- Choose one issue about which you wish to write the letter. Ensure that there is a title about what you are writing.

- Begin by writing your interest in the issue as an individual or as an organization (if you are representing an organization). This states the purpose of letter in short.

- Write 2 - 3 sentences about giving some examples to validate your interest/reason for writing the letter. These may be facts and data collected by you that highlight the intensity of a specific situation or other similar things.

- Give some of your personal opinions.

- In one or two sentences, provide motivation or encourage readers to champion the cause that you are trying to highlight through your letter like global warming, pollution, traffic problems, etc.

- Ensure all paragraphs are properly assembled.

- Mention your full name and contact details properly at the end of the letter.

- Proofreading the letter is important as that will help to cast a good impression on the editor. Poorly proofread letters are not accepted. Show professionalism and do proofread it.

- Check address, emails, contact info and send your letter. Research the publication preferences. Some newspapers accept attachments while some prefer full text in the body.

Political Advocating

Effecting change often requires us to tell our leadership how we feel. The White House and members of Congress listen to their constituents and care about constituent opinions. But to be effective, you must properly communicate your point. Elected officials & their staff are people too, and as you would react negatively to someone who sent you an angry or threatening letter, so do they. So, follow some guidelines that are founded on civility and common sense:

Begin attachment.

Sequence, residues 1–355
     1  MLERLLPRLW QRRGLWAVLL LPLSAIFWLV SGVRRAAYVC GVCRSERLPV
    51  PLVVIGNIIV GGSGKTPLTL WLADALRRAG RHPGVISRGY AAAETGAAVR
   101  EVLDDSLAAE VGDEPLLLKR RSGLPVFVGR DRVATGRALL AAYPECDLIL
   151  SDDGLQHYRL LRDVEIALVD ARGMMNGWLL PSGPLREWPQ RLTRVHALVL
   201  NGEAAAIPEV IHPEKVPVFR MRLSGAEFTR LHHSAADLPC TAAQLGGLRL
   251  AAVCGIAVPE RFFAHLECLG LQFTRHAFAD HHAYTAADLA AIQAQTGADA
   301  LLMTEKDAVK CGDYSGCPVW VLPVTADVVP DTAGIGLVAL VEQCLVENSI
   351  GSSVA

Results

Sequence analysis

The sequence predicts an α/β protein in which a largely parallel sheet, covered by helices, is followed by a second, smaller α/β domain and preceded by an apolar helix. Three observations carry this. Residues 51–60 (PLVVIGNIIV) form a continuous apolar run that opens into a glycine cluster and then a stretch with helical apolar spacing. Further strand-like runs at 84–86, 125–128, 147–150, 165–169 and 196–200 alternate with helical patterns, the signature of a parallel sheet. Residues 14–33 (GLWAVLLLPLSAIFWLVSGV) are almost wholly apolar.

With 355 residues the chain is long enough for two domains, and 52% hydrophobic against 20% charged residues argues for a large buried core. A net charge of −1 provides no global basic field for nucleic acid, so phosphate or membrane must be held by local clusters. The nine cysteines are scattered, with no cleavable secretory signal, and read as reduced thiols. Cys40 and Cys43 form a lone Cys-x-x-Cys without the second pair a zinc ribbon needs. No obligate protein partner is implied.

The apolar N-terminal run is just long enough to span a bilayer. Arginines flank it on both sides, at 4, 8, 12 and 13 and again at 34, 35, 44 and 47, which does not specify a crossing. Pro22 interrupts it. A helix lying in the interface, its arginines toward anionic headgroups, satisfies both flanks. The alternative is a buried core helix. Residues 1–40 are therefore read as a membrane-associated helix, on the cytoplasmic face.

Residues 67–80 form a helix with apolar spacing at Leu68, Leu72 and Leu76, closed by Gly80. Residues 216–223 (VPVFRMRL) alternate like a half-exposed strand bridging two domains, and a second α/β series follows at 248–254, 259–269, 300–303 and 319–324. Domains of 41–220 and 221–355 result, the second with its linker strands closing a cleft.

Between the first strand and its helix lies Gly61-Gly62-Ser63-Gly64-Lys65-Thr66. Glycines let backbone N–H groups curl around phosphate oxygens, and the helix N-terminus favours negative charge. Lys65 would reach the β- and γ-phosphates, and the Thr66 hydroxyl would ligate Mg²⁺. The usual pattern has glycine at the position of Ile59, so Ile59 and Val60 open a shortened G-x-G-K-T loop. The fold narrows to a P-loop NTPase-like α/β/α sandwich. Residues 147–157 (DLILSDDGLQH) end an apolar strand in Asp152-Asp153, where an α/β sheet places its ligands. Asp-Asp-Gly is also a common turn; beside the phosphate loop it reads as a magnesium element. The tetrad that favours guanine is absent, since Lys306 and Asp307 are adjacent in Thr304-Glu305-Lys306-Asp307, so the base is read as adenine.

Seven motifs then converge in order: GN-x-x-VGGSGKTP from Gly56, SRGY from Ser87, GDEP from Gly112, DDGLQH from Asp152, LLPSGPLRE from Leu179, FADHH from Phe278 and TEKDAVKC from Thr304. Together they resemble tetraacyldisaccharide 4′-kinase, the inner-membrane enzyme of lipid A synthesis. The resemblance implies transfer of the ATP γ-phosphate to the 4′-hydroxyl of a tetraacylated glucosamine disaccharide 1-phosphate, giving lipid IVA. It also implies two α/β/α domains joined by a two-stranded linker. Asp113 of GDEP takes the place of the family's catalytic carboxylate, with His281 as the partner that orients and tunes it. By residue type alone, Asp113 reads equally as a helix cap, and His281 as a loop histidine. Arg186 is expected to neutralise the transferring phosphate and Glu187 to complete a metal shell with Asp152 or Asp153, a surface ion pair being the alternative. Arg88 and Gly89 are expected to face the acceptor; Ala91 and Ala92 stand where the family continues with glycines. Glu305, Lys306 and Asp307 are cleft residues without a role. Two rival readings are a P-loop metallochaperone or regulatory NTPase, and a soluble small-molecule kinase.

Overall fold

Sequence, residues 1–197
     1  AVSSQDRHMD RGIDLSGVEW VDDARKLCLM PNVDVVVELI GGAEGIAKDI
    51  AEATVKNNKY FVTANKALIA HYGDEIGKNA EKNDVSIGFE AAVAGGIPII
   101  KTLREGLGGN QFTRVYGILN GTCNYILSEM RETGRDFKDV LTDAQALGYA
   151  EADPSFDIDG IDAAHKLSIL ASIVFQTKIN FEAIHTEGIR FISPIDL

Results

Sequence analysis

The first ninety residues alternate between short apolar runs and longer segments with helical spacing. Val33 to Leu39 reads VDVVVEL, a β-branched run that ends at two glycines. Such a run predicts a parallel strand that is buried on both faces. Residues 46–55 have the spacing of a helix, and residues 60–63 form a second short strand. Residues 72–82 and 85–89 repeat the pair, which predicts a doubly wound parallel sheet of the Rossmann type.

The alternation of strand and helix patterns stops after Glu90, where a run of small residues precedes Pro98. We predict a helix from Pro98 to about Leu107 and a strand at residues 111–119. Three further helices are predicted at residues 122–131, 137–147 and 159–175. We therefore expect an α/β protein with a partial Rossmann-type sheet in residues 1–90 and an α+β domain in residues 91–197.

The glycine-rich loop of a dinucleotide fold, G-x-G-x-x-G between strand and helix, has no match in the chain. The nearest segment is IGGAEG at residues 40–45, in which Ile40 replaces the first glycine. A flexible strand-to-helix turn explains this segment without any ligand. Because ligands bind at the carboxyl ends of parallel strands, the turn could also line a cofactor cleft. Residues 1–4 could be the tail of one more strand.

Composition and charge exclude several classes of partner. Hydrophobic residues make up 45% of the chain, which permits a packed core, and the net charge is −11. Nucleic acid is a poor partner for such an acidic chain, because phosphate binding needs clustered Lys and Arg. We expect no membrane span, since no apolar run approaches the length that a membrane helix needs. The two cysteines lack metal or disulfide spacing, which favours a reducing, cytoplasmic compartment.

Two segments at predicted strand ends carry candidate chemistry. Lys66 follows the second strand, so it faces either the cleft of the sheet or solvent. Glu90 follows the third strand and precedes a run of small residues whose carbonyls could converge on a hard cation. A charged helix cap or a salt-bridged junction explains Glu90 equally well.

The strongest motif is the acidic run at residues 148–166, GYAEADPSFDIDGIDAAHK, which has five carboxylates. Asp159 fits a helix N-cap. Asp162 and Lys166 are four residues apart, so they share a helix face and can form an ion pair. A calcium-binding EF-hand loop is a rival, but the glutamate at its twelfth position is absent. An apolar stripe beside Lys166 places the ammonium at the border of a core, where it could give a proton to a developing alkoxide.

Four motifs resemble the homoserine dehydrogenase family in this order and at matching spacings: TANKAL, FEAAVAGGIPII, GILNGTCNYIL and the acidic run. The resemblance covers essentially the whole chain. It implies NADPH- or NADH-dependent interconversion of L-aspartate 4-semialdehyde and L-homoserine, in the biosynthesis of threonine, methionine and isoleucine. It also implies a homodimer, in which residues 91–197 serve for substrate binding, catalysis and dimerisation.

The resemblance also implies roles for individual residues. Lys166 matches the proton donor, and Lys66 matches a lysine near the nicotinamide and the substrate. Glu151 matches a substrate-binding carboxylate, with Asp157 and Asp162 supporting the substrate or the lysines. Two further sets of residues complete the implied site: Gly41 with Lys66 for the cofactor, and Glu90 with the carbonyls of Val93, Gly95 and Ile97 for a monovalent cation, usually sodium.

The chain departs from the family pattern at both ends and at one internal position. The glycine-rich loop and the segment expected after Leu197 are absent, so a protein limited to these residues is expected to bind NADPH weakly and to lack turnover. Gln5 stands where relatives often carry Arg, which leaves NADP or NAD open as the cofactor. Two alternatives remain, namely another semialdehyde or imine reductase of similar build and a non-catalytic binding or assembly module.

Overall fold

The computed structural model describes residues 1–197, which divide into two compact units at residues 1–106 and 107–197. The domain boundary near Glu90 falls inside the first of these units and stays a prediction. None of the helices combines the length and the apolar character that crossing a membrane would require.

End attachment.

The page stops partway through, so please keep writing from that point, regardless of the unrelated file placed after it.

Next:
The Best Communication:  A Personal Visit

The most effective way of communicating with a legislator is to personally meet with them or their staff. Unless you are planning a trip to Washington, DC, this means visiting their local office. Don't expect the legislator to be in their local office if Congress is in session on the date of your visit. If you have the opportunity, note when Congress is in recess and make a point to visit the legislator's district office then. You also can see if your representative and senators have on their Web sites a listing of their district offices (most do) and whether they list times when they will be there. You increase the chance of actually meeting the legislator by visiting at this time.